1. Work it out. Unfinished business: If there's unfinished business between the two of you, get it finished sooner than later. A break-up needs to be final, otherwise it's just a "break". If there's kids involved, a plan needs to be established. Also make plans to collect your stuff and tie up loose ends.

If you don't work things out, make sure it is final in some way that represents closure for you. I've always had one last "meeting" with my exes. Not sure that I planned it, but there seemed to be an opportunity after the dust settled to discuss things and answer each others' questions. If the emotions are still raw, an informal Q&A closure session might never occur. You have to make peace with that.

It is too hard living in limbo, not knowing where you stand with someone you care deeply for. Get them to commit to an end or a restart; one way or another.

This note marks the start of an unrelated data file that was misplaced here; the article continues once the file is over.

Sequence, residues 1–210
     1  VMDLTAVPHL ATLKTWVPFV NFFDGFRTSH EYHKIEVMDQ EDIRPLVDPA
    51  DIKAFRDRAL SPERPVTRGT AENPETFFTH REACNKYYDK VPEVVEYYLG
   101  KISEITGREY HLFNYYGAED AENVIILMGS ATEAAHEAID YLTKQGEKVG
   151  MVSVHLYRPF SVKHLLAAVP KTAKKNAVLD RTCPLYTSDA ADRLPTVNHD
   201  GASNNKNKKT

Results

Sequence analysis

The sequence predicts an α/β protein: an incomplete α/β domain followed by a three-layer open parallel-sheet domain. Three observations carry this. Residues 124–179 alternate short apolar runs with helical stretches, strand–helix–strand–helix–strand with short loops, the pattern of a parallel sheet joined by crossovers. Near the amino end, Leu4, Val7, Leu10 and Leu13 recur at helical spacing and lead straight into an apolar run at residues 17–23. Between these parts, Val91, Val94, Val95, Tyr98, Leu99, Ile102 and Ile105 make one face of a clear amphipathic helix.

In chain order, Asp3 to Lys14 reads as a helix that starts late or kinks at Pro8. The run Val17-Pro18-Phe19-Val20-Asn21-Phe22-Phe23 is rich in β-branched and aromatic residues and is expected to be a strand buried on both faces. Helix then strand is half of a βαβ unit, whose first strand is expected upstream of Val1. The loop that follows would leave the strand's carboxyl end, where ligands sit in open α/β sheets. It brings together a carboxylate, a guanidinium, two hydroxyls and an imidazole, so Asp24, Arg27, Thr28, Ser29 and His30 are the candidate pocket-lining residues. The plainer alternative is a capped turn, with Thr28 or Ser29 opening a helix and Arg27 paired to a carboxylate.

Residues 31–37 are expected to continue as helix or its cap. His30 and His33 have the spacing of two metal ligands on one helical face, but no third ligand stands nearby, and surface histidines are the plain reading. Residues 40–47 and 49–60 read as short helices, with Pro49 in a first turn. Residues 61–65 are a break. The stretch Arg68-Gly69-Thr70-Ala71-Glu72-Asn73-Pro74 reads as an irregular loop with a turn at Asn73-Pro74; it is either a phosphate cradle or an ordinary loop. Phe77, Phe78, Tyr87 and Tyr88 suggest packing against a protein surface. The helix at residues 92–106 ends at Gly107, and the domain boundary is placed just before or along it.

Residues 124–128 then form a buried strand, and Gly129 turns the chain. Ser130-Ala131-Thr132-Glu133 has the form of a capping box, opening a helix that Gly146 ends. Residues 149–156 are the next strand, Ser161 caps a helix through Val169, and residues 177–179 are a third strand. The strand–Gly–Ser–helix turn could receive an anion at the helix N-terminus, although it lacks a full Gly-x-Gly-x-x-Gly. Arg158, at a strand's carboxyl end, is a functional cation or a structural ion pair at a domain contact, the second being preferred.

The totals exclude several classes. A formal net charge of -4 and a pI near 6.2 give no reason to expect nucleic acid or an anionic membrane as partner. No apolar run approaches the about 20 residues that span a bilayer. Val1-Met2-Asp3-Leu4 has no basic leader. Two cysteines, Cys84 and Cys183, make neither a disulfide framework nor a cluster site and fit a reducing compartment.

2. Sulk it Out: When the end is established, you can sulk. Give yourself permission to have your day or week to be unapologetically sad and negative, and angry.

Don't feel bad about feeling bad.

3. Suck it up: At some point you must also declare when to end the pity party, and suck it up. The end should be represented in a big, definitive (big-bang-palooza) way. The break-up is yours to do with as you please. It doesn't own you, you own it. You take charge when it is over for you!

Think about the steps you are taking (literally and figuratively) and where they are taking you. Start making future plans for your current life. Start somewhere! Envision the big "GO" at the start position of a monopoly game.

Source

3, Celebrate Your Break-Up

"Celebrate" your break-up. Totally easy if you initiated the break-up! Right?!

If the break-up was your idea or not, the first significant thing you do without your ex paves the way to a smooth transition period. If the break-up was your decision, you may be tempted to throw caution to the wind, but this could wind up only making you feel worse about yourself later. That's not the idea here.